I was suspicious of his story at the time – still am – because I knew he hated Rocky. Rocky was my dog – not the family dog, but my dog. I believe animals choose people sometimes, and I was who he picked. He protected me – made sure I didn’t wander down stairs or near dangerous areas as a toddler, herded me back into the yard whenever I strayed, and was especially intolerant of Dad’s beatings. If Rocky saw Dad coming at me with something, he would get between us. He wouldn’t attack him – wouldn’t growl or anything either – just stand there and move between us. He even took the hits for me sometimes. When Dad couldn’t get to me for whatever reason, he wailed on Rocky – we were the only two in that house that he physically abused. I remember clearly him literally chasing Rocky around the house waving his belt in the air and screaming invectives. When Rocky hid behind a couch, Dad litterally tipped the couch over, cornered him, and wailed on him until he was pulled off. I couldn’t imagine any version of reality in which my father – who despised this dog almost as much as he despised me – would stop at the scene of the accident (which was conveniently timed and conveniently happened right on his route home, where he saw the whole thing), and rush Rocky to the vet for lifesaving measures. Do I doubt this? Hell yes, I do. Added to my calculations were his disgusting and malicious treatment of squirrels and other manner of woodland creatures, and I decided he didn’t have very great respect for animal life – most animals, at least. If he would swerve in the road to hit a squirrel or a woodchuck, would he swerve to hit a dog? I thought so. Add this to the fact that Rocky wasn’t exactly prone to escape per se. He was a smart dog, and he did like to chase rabbits and such, but he never strayed terribly far. Even when he did, he knew to go for the fields rather than the roads. My Grandfather had trained him to be careful of roads – at least, as much as you can train any dog in such a thing. I concede the possibility that he did wander too close to the road, but in my heart of hearts I know Dad’s story isn’t very likely. I give it a 5% chance of being true.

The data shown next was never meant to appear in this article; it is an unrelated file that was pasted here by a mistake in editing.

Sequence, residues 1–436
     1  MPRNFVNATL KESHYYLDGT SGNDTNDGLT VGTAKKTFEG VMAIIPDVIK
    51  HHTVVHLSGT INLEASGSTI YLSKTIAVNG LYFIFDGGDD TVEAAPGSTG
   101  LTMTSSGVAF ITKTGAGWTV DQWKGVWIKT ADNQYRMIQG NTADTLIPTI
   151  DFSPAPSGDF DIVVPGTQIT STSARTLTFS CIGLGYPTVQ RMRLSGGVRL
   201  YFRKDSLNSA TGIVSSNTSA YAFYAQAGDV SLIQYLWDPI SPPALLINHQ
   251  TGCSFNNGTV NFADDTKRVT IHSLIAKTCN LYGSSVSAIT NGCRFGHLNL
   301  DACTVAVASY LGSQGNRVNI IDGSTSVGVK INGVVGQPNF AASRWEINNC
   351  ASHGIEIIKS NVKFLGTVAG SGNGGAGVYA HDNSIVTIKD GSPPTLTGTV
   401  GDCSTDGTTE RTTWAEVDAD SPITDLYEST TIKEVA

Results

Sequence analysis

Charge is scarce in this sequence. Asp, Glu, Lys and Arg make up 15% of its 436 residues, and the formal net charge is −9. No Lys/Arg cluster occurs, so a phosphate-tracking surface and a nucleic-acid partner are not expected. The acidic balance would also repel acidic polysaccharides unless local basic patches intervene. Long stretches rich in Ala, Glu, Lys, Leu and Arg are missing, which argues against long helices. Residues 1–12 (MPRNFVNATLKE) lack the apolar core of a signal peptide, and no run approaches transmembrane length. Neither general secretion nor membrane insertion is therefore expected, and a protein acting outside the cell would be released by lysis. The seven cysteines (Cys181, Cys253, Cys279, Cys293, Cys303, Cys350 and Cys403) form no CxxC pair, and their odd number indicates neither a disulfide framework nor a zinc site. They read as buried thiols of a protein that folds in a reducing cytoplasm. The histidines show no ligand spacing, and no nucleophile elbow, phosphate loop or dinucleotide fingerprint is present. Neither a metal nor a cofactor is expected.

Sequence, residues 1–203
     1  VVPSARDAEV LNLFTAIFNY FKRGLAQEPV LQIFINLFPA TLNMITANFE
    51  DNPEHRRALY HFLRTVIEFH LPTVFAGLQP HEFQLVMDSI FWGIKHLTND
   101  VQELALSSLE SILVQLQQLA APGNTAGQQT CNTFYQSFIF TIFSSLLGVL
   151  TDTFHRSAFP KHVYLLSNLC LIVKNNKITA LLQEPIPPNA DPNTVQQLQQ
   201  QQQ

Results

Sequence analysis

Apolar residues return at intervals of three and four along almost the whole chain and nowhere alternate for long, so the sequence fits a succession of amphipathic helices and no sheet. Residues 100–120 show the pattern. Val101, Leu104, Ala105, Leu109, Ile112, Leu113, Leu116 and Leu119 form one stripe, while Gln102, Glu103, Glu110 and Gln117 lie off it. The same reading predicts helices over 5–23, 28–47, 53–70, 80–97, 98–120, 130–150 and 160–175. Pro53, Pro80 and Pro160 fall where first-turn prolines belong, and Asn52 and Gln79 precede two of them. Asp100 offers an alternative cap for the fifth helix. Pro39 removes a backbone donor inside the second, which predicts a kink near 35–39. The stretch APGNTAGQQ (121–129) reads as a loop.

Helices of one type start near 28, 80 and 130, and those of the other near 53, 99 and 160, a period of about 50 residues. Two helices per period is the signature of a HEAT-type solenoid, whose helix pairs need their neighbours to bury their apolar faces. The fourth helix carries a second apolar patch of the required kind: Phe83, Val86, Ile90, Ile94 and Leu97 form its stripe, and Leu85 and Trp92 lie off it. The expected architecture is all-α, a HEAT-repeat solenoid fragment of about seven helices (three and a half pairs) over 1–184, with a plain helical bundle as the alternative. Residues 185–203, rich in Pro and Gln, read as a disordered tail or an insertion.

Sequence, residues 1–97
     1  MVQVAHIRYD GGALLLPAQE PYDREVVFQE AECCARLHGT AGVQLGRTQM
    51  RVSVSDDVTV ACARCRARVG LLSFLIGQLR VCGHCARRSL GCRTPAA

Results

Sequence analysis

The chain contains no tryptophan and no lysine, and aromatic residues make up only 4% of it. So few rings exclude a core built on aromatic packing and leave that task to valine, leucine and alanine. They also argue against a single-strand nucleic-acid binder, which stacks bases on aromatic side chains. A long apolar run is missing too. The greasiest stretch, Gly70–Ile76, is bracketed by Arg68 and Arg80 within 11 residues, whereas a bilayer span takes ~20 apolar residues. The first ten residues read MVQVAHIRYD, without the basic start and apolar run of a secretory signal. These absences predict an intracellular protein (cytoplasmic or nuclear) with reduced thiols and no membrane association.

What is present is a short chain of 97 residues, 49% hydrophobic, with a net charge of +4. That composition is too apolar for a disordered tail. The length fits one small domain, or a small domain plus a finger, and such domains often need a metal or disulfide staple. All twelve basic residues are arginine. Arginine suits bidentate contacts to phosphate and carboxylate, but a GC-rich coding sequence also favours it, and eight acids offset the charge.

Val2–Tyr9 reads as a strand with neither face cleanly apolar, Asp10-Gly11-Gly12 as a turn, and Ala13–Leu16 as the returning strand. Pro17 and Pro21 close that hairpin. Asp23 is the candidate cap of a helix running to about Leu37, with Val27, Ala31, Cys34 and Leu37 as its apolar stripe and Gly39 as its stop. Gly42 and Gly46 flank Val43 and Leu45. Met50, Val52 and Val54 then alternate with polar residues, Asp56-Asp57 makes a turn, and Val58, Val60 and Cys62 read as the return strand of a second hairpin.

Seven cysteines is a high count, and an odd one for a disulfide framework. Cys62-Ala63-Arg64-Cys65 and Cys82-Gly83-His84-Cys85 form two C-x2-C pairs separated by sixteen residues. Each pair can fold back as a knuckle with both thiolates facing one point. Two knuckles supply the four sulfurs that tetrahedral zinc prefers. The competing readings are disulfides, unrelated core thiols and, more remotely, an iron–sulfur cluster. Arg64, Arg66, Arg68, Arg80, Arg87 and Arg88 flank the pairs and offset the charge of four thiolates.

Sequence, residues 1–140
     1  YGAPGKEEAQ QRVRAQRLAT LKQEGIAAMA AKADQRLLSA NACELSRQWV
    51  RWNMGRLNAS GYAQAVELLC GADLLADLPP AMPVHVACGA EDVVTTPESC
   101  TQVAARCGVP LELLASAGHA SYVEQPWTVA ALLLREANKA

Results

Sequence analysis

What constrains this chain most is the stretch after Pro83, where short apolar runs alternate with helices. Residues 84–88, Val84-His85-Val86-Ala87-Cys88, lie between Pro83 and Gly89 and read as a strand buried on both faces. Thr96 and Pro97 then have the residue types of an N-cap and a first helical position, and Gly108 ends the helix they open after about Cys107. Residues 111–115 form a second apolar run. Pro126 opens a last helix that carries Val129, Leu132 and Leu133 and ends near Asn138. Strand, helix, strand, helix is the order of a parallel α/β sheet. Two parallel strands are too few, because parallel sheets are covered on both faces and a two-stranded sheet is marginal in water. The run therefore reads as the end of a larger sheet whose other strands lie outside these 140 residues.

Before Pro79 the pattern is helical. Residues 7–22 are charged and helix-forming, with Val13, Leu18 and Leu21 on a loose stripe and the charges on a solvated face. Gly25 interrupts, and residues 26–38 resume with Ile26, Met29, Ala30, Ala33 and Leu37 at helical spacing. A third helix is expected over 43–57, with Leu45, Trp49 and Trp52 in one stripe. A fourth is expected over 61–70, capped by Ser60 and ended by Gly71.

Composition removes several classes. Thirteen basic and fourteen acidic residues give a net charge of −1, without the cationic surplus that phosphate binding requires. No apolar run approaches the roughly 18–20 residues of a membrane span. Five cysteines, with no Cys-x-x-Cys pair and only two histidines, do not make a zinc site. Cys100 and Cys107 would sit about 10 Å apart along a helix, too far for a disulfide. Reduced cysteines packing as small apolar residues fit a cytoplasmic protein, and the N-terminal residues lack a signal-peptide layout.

What I think happened, and I’ve had 20 years (give or take) to think about it, is that Rocky was crossing the road (or near to the road), Dad saw him, and ran him down. Or Dad got mad and in a fit of rage went a little too far and beat Rocky a little too long. Or maybe he just took him to the vet and had him put to sleep – no reason, really, other than that Rocky was an extension of me that he could more easily get away with hurting. And bonus: It would hurt me like hell, at least emotionally.

I wasn’t the only one that thought this – Grandma, who was well known for being unable to keep her opinions to herself, seemed to concur with my basic premise; Dad killed Rocky, probably deliberately, and timed it in such a way that it would happen while I was home.

Later, during the divorce, I had other animals that met grisly ends – I had an outside rabbit that was killed with what appeared to be a hammer, for example. Was it Dad? I think so. I know he skulked around our property quite a bit after he left. Besides, killing someone’s pet – particularly with a hammer – is a rather personal thing. No one else would have reason to do such a thing.

Thus, he was tried and convicted in the heart of an 8 year old boy. As an adult, and with a couple years of therapy under my belt, I am able to concede the possibility – no matter how slight – that Dad’s story is in any way true. At that point in my life, if you had told me that my father was Satan incarnate, I would have likely believed you. Now I see that he was just a very disturbed man, and perhaps had reasoning behind what he did – however twisted it may have been. Surely he wasn’t just an evil bastard just for the sake of being an evil bastard. Right?

The thing with Rocky helped heap hot coals on my already burning resentment and anger. I started slamming doors a lot. And believe it or not, I thought about suicide – I remember looking just a little too long at some of the sharp knives in the utensil drawer, and picking one of them up thoughtfully. I had a pretty good idea of what to do, and I have no idea if I actually would have gone through with it, but Grandma came in and asked what I was doing. Just like that, the bubble that encapsulated that moment popped. The deep, aching anger was back – like a churning in my chest. I decided in that moment that I didn’t want to kill myself – I wanted to kill that son of a bitch that killed my dog. I really, honest to God hated that man. It was that hate – the anger, the resentment, the fury of the injustice of it all – that brought out my belligerence and set Dad and I on a collision course.

  1. Reed says:

    I literally was sick after reading this.